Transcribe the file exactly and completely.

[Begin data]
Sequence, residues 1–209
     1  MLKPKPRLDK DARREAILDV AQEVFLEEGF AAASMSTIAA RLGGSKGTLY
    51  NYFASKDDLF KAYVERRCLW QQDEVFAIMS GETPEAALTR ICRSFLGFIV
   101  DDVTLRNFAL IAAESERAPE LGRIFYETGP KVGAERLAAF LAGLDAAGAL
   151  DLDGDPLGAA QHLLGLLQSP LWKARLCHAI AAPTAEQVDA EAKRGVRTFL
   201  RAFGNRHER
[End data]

Sequence, residues 1–209
     1  MLKPKPRLDK DARREAILDV AQEVFLEEGF AAASMSTIAA RLGGSKGTLY
    51  NYFASKDDLF KAYVERRCLW QQDEVFAIMS GETPEAALTR ICRSFLGFIV
   101  DDVTLRNFAL IAAESERAPE LGRIFYETGP KVGAERLAAF LAGLDAAGAL
   151  DLDGDPLGAA QHLLGLLQSP LWKARLCHAI AAPTAEQVDA EAKRGVRTFL
   201  RAFGNRHER